Amy: The term Military Family Readiness System is used in our policy, as you mentioned, but people don’t really understand the practical application or what that looks like in everyday life. It’s really not a specific entity, but it’s more of a framework or an ecosystem, if you will. You can’t just walk into a military family readiness office. It’s not really a tangible thing, but really it’s, like I said, the ecosystem that surrounds the military service members and their families that provides the support that’s really so critical to that readiness and resilience we just mentioned.

As many of us know, who are familiar with the military lifestyle, it does present unique challenges, such as relocation, deployment, high stress levels, high operational demands, transition with children and schools, which I have experienced firsthand, and the constant, uncertainty of what the next week will look like for you or your family. The DoD really has widened its aperture and recognizes that not one single program or service can address those needs. It really does take that ecosystem within the Military Family Readiness System to provide that support.

Of course, we have, resources such as Military OneSource to include military installations and some of the other support services that are housed on Military OneSource, but really, what we’re trying to encourage and trying to inform people and educate folks is that the Military Family Readiness System is really the promotion and the integration of all these services when possible, and collaboration and partnerships that support the military family. It’s really the act of enabling service providers to meet service members and families where they are with the appropriate resources to address the different dimensions of the issue at hand.

Jessica: I love the description you used of ecosystem. I’ve also described it as like a network of networks, but I think ecosystem is probably a much better encapsulated word for this. You started to touch on this a little bit. The DoD instruction on military family readiness states that the MFRS, the Military Family Readiness System, must among other things, link informal networks like family, friends, neighbors, the people that are around you, and formal networks like schools, and faith based organizations, medical organizations, professionals in the community. Why is that important and how do you think service providers can help in linking those networks?

Amy: It’s a great question. When we think down to the simplest terms and the most common concepts of informal networks, it’s really your friends and your community. We want people to think about the Military Family Readiness System in a more local manner. It’s not so much the DoD or these federal agencies, or these big government, but it’s as important, and as essential, and as useful and effective looking at it from the local level. Then those formal networks are your programs and services.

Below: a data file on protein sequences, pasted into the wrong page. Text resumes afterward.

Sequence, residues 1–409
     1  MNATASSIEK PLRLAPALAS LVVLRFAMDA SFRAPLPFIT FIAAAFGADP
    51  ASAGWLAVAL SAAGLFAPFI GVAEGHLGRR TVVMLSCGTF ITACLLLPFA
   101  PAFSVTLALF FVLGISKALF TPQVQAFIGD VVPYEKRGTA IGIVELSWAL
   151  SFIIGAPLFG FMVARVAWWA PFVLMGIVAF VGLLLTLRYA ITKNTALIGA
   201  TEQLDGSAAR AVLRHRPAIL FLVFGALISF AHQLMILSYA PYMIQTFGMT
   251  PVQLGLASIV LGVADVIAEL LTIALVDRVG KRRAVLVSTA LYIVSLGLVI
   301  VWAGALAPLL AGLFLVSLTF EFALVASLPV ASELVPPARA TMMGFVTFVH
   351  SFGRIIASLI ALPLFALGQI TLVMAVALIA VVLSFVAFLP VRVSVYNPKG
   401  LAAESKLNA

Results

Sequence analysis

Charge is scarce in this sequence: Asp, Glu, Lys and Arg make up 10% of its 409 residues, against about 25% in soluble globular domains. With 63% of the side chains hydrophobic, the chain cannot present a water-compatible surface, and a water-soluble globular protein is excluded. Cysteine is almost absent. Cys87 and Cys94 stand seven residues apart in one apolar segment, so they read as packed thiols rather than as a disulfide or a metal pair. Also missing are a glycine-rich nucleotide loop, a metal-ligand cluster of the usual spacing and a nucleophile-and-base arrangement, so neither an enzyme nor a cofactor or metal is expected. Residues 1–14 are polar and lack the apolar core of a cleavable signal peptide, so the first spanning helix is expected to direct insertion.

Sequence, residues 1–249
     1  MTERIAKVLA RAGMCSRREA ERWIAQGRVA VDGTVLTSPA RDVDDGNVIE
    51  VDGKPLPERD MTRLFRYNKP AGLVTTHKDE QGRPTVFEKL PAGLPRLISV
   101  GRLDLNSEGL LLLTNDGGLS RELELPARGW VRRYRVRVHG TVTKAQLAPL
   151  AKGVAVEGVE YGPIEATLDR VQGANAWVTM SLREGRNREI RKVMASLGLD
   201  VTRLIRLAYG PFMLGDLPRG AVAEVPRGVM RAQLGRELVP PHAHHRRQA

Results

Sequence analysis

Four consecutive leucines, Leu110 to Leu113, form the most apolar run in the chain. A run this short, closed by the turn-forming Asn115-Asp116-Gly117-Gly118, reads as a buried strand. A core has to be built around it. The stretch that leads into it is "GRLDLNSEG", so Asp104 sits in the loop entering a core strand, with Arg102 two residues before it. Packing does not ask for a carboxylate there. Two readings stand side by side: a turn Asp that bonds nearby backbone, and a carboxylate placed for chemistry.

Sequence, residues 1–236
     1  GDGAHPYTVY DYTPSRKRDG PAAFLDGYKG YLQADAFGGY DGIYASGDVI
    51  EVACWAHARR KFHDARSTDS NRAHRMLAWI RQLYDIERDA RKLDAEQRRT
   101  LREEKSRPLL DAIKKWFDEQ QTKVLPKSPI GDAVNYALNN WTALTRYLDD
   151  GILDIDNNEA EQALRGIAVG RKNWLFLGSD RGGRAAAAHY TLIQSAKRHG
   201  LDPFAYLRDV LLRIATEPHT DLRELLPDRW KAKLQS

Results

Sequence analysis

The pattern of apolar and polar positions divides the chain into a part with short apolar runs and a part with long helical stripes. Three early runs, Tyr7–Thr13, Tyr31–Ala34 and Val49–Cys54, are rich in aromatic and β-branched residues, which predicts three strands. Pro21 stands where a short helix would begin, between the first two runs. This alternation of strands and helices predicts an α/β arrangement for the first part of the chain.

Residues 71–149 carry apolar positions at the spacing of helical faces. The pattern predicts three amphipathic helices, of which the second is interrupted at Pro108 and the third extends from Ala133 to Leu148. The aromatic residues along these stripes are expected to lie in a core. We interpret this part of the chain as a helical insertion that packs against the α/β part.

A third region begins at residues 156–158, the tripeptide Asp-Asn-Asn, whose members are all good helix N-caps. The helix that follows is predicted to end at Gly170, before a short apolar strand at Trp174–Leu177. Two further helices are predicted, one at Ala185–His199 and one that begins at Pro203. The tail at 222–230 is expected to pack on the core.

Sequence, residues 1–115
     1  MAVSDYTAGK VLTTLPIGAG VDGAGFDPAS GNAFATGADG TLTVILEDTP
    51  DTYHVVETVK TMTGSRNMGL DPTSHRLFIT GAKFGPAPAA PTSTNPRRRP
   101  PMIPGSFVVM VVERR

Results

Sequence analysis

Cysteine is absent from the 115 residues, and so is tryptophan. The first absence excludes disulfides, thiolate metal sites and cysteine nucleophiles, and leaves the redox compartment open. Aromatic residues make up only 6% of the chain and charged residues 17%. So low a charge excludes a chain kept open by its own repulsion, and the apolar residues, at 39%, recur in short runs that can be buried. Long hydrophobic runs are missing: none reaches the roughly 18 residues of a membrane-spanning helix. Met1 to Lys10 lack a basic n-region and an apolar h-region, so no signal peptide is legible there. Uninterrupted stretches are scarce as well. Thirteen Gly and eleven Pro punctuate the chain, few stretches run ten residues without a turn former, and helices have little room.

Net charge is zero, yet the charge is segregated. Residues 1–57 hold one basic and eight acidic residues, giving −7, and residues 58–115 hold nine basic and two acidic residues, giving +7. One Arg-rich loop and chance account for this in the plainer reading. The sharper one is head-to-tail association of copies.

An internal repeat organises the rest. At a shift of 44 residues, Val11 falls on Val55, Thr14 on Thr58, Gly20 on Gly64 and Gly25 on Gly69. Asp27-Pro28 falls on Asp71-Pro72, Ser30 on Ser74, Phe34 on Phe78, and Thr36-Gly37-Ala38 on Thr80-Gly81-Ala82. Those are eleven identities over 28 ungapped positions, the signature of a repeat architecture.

When you think about it, one of the examples that we wanted to highlight is like when you move to a new location, you’re a military family, you pick up about every two years, the ecosystem or support network that you’ve established at one location now becomes dissolved as you move to another location. There’s a lot of different things that you have to coordinate as a military family for each one of those moves, trying to establish medical care providers, trying to get enrolled and informed about the schools within your area, not to mention jobs for military spouses, which can be significantly disrupted through all those moves as well.

When you move, you’re starting out at zero and where you may make some informal connections prior to making that physical move, it really is a challenge to create some of those more formal networks until you’re physically in place. The Internet and virtual resources are, of course, helpful, but it’s that in-person equity, it’s that crowdsourcing, it’s that spouse-to-spouse referral, or family-to-family referral that really makes the most impact for military families when they move, and really that is what encompasses this Military Family Readiness System. It’s the combination of those informal networks, like we mentioned, the friends and community and as well as combining some of those more formal networks.

Bob: Amy, with that in mind, what advice do you have for service providers who are looking to link those formal and informal networks and engage with the Military Family Readiness System?